In an era driven by the logic of serving the common demand across the market, the long tail idea is very appealing. At Google's first shareholder's meeting in May 2005, Eric Schmidt, Google’s CEO, describes Google's mission as "serving the long tail." The Long Tail, as described by Chris Anderson, editor-in-chief at Wired, is a classic byproduct of Internet based business. In that article, he provides examples of how information technology turns mass markets into a million niches. One interesting example is video rental. The average Netflix customer rents seven DVDs a month, three times the rate at brick-and-mortar stores. This he says is due to two reasons. First, when the incremental costs of making everything available to anyone are low enough, companies can offer massive variety instead of just pushing the latest blockbuster. Second, using the improved signal-to-noise ratio that comes from following a good recommendation encourages exploration and can reawaken a passion for music and film, potentially creating a far larger entertainment market overall.

Google, too, is a good example of a company catering to the long tail. At one end, they have large firms such as Wal-Mart. At the other end, they have individual users. In the middle are the mid-sized businesses that Google prides itself in serving well. To serve large businesses, Google brought out a whole suite of tools (AdSense and AdWords) for very large advertisers who can use their services in all of their divisions to generate lots of revenues. For the individual users, it is almost a daily release cycle with new products (albeit beta versions) cropping up one every other day. The insight from the long tail concept is that there are enough customers with niche needs that can be profitably served by a company using its leverage with the large customers.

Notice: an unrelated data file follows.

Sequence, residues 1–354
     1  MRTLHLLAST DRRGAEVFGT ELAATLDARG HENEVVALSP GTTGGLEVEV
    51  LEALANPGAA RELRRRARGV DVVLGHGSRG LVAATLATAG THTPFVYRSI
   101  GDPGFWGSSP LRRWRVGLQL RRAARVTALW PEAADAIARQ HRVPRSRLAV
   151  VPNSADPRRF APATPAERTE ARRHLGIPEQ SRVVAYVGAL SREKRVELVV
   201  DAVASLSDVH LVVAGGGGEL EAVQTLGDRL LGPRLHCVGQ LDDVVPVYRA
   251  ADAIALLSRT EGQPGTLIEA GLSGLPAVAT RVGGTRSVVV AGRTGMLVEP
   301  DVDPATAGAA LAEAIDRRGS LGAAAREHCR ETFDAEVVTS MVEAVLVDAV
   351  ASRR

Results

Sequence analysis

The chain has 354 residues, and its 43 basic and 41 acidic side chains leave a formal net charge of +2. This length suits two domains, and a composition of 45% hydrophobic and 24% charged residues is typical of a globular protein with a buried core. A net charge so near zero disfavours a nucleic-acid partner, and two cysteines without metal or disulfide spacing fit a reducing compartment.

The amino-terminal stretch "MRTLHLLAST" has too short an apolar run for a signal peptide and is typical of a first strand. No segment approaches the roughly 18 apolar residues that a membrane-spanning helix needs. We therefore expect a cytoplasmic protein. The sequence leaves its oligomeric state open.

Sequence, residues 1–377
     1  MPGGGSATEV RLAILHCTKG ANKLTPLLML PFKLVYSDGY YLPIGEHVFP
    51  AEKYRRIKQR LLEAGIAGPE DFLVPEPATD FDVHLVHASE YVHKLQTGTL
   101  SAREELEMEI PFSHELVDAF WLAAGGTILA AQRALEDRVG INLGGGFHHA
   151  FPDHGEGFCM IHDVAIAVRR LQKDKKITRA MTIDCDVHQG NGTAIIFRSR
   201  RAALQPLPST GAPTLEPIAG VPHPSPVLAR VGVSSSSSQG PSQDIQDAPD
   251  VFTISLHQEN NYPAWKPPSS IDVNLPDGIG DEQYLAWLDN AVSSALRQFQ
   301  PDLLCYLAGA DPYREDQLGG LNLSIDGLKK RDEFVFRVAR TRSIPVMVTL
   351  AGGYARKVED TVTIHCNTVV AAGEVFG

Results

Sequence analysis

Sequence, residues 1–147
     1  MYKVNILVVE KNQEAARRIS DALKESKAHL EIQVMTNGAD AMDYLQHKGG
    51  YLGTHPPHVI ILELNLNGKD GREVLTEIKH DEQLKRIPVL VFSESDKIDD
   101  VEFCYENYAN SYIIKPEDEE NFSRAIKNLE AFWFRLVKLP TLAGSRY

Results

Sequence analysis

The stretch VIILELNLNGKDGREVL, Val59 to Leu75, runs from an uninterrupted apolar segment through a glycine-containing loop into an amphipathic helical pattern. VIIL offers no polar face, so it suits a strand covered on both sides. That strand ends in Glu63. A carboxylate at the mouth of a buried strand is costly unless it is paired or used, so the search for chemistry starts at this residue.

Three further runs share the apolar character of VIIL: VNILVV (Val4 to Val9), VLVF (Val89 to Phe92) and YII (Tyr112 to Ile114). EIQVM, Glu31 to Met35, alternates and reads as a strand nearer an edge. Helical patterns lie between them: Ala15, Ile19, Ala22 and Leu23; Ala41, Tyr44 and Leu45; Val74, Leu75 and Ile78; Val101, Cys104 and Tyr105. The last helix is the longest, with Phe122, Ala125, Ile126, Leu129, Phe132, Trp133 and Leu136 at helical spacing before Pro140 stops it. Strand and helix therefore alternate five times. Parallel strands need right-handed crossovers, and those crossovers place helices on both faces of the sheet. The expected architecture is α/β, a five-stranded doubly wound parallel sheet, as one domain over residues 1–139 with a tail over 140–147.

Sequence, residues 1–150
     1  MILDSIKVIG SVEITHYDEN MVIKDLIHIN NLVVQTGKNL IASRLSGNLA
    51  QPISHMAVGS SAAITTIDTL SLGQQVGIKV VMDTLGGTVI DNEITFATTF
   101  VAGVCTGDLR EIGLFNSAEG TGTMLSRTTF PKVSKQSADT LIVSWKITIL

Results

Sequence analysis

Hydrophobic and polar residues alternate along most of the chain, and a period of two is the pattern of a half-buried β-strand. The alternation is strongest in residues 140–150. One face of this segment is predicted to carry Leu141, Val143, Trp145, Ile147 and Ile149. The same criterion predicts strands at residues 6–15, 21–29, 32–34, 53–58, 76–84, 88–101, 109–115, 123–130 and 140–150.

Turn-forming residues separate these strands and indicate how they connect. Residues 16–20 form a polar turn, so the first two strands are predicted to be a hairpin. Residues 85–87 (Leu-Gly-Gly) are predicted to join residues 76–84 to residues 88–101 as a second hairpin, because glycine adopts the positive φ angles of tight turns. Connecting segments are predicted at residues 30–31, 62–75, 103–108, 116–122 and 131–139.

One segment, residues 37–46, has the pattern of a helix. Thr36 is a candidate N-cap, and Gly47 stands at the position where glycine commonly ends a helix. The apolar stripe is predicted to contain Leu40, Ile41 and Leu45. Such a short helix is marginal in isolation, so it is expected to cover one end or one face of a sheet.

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Google's business model puzzle

Posted by Bala Iyer on Fri, Aug 05, 2005 @ 04:08 PM

Google plays in what is called multi-sided markets. They have to provide search services that are appreciated by end customers searching for information. At the same time, they should provide advertisers with the ability to present relevant information to the searching consumers. Advertisers should be supported as they provide information for customers coming to Google's website or even to other website properties (Google does this using the AdWords and AdSense platform). Another constituent they should consider is the developers who provides services that work on top of Google's services. For example, Prudential has a service to show listed properties in the Chicago area and they present property information using Google Earth. Currently, Google provides API-based access to all these constituents.

Google also benefits from what are called network effects. As a result, as more people use Google for searches, more advertisers come to it. More advertisers create more relevant sponsored links and this results in greater revenues for Google and this revenue gets invested in better search engine technology and better search engine results in more advertisers and so on. Here is the puzzle: should Google charge every one (other than end-users) per API call or should they simply charge the advertisers a transaction fee for any ad served to the end-user?